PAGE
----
The second time, in August 2019, the plane landed in Darwin, but instead of going back to Melbourne they were then transported to Christmas Island, becoming the only inmates at the infamous detention centre.
They were held there for almost two years, at an estimated cost of $6.7 million dollars to the Australian taxpayer.
Meanwhile, the mental and physical health of the children had deteriorated. Kopika began biting herself and pulling her hair out due to anxiety.
Because of bad nutrition and a lack of vitamin D due to deprivation of sunlight, Tharnicaa’s new teeth came through rotten.
Then, in May last year, while on Christmas Island, where they lived under guard in a demountable, Tharnicaa contracted pneumonia and blood poisoning.
It took 14 days for authorities to finally acknowledge that she needed to be airlifted to Perth for treatment.
And that is how the family found themselves living in community detention in Perth, forced to abide by a list of 23 conditions and restrictions, and at the mercy of the Australian government.
To complicate matters, little Tharnicaa has never been granted a visa, meaning she does not have basic rights such as a Medicare card.
Although she only turned five this year, she is acutely aware of her uncertain status and that she is different from the rest of the family.
When The Weekly first visited Nades and Priya in May, the federal election was 10 days away and they were incredibly nervous about their future.
The then Liberal government had given no indication that it would change its hardline approach to the family.
Peter Dutton (who had been Minister for Home Affairs, Immigration and Border Protection at the time the family was snatched) had repeatedly said that they were not genuine refugees and had referred to Kopika and Tharnicaa as “anchor babies” (a slur Donald Trump popularised in his racist rhetoric about Mexican immigrants).
When asked what she would do if Scott Morrison and Peter Dutton came to her door, Priya told The Weekly: “I would welcome them into our home and be hospitable to them, and I would say to them that all we want is protection and safety for us and our children. We will work hard, we will pay our taxes and we will be part of the community in Bilo. I would plead with them for that.”
No one is disputing that Nades and Priya came to Australia seeking asylum, nor that they travelled in boats with people smugglers.
They had compelling reasons to do that. They were desperate. They were escaping the dire situation that faced Tamils following the civil war in Sri Lanka, which had raged for 26 years, resulting in war crimes and the deaths of more than 50,000 military personnel and 100,000 civilians.
Nades, like many young Tamil men, had been forced to join the resistance movement popularly known as the Tamil Tigers.
When the movement was defeated in 2009, former members’ lives were in grave peril.
Priya’s past is also haunted by trauma. She speaks of abuse and atrocities committed against her family, and she witnessed the death of her fiancé and other men in her village – tyres were forced over their heads and they were burned alive.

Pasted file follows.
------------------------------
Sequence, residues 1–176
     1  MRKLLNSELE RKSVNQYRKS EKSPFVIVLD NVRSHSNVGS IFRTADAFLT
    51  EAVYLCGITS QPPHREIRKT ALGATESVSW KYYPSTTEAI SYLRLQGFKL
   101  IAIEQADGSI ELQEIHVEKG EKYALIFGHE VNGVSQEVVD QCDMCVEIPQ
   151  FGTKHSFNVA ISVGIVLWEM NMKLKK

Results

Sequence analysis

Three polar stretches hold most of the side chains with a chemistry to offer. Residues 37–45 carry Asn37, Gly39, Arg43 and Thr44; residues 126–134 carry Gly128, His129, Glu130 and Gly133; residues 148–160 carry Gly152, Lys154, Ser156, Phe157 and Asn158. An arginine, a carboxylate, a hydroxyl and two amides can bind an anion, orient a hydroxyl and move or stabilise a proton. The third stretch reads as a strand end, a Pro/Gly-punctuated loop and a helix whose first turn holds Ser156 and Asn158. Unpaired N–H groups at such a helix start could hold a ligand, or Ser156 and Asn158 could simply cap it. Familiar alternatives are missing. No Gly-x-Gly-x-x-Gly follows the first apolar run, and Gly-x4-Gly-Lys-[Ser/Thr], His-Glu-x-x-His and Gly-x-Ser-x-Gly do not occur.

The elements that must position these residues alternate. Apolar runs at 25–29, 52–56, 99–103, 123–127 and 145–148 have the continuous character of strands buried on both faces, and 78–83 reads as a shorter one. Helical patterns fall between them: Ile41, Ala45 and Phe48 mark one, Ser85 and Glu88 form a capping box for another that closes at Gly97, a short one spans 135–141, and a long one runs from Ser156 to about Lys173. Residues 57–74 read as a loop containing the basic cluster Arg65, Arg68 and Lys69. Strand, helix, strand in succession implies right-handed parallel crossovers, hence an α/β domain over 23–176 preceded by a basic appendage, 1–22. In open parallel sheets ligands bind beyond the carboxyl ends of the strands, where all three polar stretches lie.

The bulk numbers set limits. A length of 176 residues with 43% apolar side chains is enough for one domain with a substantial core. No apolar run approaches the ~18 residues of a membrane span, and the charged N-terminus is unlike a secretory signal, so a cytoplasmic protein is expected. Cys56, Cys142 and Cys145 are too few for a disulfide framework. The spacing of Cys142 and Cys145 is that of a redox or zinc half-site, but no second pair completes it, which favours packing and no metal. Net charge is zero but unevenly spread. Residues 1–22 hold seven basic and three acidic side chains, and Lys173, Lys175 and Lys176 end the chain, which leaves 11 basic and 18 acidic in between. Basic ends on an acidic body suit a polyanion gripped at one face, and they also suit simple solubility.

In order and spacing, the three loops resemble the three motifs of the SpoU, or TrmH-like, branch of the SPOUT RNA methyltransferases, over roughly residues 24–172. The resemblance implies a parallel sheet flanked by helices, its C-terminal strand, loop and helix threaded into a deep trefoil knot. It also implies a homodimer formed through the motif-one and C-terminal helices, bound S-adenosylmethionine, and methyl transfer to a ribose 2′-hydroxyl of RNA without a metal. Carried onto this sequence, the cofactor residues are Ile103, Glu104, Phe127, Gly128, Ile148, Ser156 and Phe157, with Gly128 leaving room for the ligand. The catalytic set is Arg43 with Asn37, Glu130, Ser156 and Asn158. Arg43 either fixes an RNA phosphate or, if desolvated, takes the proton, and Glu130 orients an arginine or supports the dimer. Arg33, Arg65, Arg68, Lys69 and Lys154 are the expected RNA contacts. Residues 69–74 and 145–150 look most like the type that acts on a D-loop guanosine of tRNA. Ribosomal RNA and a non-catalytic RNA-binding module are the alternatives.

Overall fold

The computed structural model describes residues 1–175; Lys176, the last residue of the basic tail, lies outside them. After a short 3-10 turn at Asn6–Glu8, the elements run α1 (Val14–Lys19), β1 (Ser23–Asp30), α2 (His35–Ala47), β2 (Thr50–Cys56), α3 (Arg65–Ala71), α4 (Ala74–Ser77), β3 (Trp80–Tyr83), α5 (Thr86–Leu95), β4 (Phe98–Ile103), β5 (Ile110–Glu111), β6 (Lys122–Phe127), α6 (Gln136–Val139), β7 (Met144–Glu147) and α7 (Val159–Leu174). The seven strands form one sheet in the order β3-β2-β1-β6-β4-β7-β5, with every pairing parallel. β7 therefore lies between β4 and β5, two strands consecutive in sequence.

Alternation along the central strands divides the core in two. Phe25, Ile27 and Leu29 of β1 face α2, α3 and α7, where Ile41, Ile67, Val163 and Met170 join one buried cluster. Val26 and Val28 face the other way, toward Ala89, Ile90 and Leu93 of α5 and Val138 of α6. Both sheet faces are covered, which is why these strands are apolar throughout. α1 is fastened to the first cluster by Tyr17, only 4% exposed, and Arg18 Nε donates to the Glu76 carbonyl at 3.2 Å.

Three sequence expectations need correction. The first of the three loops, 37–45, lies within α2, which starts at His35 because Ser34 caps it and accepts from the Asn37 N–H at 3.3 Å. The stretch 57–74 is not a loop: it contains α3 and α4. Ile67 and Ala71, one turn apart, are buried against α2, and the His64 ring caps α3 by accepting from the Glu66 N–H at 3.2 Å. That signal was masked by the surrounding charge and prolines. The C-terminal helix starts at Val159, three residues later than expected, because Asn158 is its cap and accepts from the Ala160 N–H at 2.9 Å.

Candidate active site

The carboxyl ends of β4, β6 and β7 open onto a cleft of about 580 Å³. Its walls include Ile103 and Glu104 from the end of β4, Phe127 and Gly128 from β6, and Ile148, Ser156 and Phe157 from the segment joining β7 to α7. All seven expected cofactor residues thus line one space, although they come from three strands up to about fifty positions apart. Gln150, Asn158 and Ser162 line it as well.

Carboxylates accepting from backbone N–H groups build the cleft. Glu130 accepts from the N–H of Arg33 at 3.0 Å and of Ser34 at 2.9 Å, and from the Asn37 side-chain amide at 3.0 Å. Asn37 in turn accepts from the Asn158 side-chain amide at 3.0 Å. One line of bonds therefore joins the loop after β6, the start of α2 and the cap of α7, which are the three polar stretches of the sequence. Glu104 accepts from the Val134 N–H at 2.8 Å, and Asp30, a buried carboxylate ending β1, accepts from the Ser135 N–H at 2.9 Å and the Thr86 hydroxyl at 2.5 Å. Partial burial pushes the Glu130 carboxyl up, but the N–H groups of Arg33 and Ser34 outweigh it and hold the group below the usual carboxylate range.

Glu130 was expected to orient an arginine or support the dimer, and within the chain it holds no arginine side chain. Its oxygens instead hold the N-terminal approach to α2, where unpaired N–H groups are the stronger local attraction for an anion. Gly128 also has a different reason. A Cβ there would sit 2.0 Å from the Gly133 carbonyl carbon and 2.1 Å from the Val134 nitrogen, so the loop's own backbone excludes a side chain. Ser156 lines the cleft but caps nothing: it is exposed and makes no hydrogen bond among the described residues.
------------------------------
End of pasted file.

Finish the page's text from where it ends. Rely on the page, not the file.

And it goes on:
Despite the former Australian Government’s claims that it was safe for Tamils to return to the country, many human rights groups disagree.
And as the family’s story has been international news for over four years now, they would be an obvious target. Nades and Priya believe they would be arrested, tortured, or even killed, while the girls would be sent to orphanages.
But their supporters were determined it wouldn’t come to that.
Biloela wanted them back, a growing number of Australians and a wide array of prominent politicians and commentators also wanted them to go back.
The debate about the family’s future accelerated in the lead-up to the election.
Former NSW Premier and Federal Senator, Kristina Keneally, was a vocal supporter.
There was public support from a group of Liberal backbenchers and notable conservatives such as Queensland MP Bob Katter, shock jock Alan Jones and former Nationals leader and deputy PM Barnaby Joyce.
“The Minister for Immigration can, with the stroke of a pen, grant visas that allow the family to go back to Biloela and stay in Australia,” Kristina Keneally said in May. “And if the Morrison government won’t do it, an Albanese government will.”
Anthony Albanese confirmed this publicly. So, a lot was hanging on the 2022 Federal Election.
The day before polling booths opened, Angela Fredericks was on tenterhooks.
“We are absolutely terrified,” she said. “Priya hasn’t slept for days. She’s so strong but I can see the mental toll this is having on her. She’s been praying daily about the outcome of this election. No matter what happens tomorrow, until their feet are back on the ground here in Bilo, we won’t stop. They’re not just our friends. Now they’re our family.”
As soon as the election result was confirmed on that Saturday night, Angela put in a Zoom call from Biloela to Priya in Perth.
Nades, who works as a cook six days a week, was at work.
“You’re coming home to Bilo!” Angela exclaimed.
Priya burst into tears and the two girls started comforting her and handing her tissues. They had seen their mother cry so often that they assumed this was more bad news. Angela had to explain to them that we don’t just cry when we are sad – that these were tears of joy.
When Nades returned home later that evening, he and Priya fell into each other’s arms. As they hugged, they repeated one word over and over. That word was “happy”.
Five days later, when The Weekly visited again, the relief on the couple’s faces was palpable.
“This is such happy news,” said Nades, who was meticulously ironing Priya’s sari for her to wear in our photo shoot.
“For four years, sadness was the definition of our lives. Our tears have now dried up. There will be no more crying in the future.”
As for Priya, despite everything she has been through, her attention is already turning to others.
“My prayer is that this government will make a change to the lives of every single refugee who comes here,” she said. “All refugees are survivors. They need hope. I had the support of Nades and we had the support of the people of Bilo. But many others don’t have that support. So I want to help.”
Every evening, for four long years, when Angela Fredericks called the family, she would say goodnight to Kopika and Tharnicaa, and they would tell her to dream about them being back in Bilo.
At last, that dream will now come true.
As we went to press, Angela was preparing to fly to Perth to accompany Priya, Nades and the girls on their journey home, and they were back in Bilo in time to celebrate the town’s multicultural festival and Tharnicaa’s fifth birthday in the second week of June.
As for Angela, her involvement in trying to save the family has changed her life in fundamental ways, too.
“Most of all,” she says, “I’ve learned the importance of people power. In the beginning, a lot of people told us that there was nothing we could do about this, so why bother trying? But there’s so much you can achieve if you all stand together.”
You can read this story and many others in the July issue of The Australian Women’s Weekly – on sale now